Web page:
Religious distress is perceived as the expression of actual stress, and the objection against actual suffering. Religion is the symbol of the exploited being, a world’s heart without a heart, and strength of weak circumstances. It is referred to as “the opium” of the community (Horii 173). To stop religion from being the illusionary happiness of humans is to claim their real happiness. The demand to renounce illusions about the current state of affairs is to demand the renouncing of the state of affairs that require illusion. In origin, religion criticism is thus the criticism of the valley of tears, the radiance of which is religion. Marx thus saw religion as being not a development of the capitalists but a result of the historical exploitation of the system’s conditions. Since religion was there long before capitalism, it is evident from Marx’s view that it is not a product of capitalism. Rather, it is a result of distress, which entails both ressentiment and trans-valuation.

Impact of Marxism on religion

Most of what Marx says in his theory of religion has highly impacted the poly-methodic study of religion. His theory has significantly contributed to the understanding of human and religious life. It looks at historical facts that assist in demonstrating the significant roles of social conditions in the expression of religion (Horii 176). Since religious experiences cannot be expressed in a vacuum, but in a particular social-cultural context, for example, is being accorded due importance in the modern study of religion, which is the core of Marx’s argument. It is observed by Milton J. Yinger that religion is impacted by its social background in numerous ways and shaped by the social-cultural environment (Horii 176). Today, there cannot be a scientific study of religion without due consideration of the part played by social factors.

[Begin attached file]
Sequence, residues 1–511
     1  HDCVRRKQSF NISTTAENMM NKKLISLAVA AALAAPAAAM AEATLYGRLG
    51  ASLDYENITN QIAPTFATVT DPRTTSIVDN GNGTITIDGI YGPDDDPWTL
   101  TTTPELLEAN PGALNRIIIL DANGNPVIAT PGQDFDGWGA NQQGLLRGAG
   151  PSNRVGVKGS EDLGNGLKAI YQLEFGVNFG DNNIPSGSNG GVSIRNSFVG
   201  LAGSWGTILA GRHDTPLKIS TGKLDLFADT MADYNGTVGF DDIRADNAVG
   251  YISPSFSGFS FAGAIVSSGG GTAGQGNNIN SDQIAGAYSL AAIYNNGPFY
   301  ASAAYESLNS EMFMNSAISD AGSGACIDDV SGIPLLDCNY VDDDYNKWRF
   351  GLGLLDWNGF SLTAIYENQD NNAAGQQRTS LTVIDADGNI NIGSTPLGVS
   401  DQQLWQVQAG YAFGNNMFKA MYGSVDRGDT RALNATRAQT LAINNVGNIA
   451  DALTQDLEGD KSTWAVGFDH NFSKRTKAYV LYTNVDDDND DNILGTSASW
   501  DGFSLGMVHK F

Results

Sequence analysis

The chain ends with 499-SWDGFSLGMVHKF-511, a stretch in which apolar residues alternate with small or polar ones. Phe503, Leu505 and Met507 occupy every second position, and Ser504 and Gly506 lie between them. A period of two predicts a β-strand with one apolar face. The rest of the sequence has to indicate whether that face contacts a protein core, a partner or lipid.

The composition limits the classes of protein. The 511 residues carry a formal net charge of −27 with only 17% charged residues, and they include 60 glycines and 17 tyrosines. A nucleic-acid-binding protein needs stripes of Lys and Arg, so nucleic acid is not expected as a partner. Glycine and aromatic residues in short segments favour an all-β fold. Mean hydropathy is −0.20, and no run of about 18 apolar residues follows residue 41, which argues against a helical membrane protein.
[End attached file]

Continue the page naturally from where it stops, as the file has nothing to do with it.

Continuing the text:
Marx’s perspective of religion as being “the opium of the people” cannot only be negatively viewed. Whatever his intention may be, it shows a positive aspect of the role of religion in the life of humans, which authenticates and vindicates the practice and study of religion. Marx, in his argument, affirms that religion plays a critical psycho-therapeutic role. It provides such calmness, assurance, and serenity of mind that enables humans not to give up in the face of predicaments, distressing situations, and vicissitudes of social life (Horii 178). It can thus be derived, even from the expression of Marx that religion is required in so far as it provides people solace in an unfair and oppressive world and makes life bearable for the oppressed. Religion as an “opium,” even if it may not cure the “illness” inflicted on man by the social conditions, as Marx contends, can at least ease it. Consequently, Marx positively provides a reason why people should persistently study and practice religion.